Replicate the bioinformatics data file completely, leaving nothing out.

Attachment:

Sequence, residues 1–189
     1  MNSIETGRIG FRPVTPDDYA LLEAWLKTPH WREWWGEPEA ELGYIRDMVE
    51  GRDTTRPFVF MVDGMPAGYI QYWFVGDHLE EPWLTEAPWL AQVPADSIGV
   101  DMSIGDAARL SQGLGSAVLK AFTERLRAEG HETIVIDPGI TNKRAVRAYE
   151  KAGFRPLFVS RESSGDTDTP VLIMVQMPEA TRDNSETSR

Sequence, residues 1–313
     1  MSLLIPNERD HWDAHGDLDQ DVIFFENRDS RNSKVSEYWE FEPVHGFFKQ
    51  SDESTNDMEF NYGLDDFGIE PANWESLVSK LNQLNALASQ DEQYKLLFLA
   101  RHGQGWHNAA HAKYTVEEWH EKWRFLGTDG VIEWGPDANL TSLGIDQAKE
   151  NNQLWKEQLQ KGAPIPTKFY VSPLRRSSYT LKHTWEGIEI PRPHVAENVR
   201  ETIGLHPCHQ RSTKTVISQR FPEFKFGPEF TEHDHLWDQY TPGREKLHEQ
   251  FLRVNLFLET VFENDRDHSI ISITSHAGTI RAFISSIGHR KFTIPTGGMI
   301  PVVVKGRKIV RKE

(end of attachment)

Sequence, residues 1–189
     1  MNSIETGRIG FRPVTPDDYA LLEAWLKTPH WREWWGEPEA ELGYIRDMVE
    51  GRDTTRPFVF MVDGMPAGYI QYWFVGDHLE EPWLTEAPWL AQVPADSIGV
   101  DMSIGDAARL SQGLGSAVLK AFTERLRAEG HETIVIDPGI TNKRAVRAYE
   151  KAGFRPLFVS RESSGDTDTP VLIMVQMPEA TRDNSETSR

Sequence, residues 1–313
     1  MSLLIPNERD HWDAHGDLDQ DVIFFENRDS RNSKVSEYWE FEPVHGFFKQ
    51  SDESTNDMEF NYGLDDFGIE PANWESLVSK LNQLNALASQ DEQYKLLFLA
   101  RHGQGWHNAA HAKYTVEEWH EKWRFLGTDG VIEWGPDANL TSLGIDQAKE
   151  NNQLWKEQLQ KGAPIPTKFY VSPLRRSSYT LKHTWEGIEI PRPHVAENVR
   201  ETIGLHPCHQ RSTKTVISQR FPEFKFGPEF TEHDHLWDQY TPGREKLHEQ
   251  FLRVNLFLET VFENDRDHSI ISITSHAGTI RAFISSIGHR KFTIPTGGMI
   301  PVVVKGRKIV RKE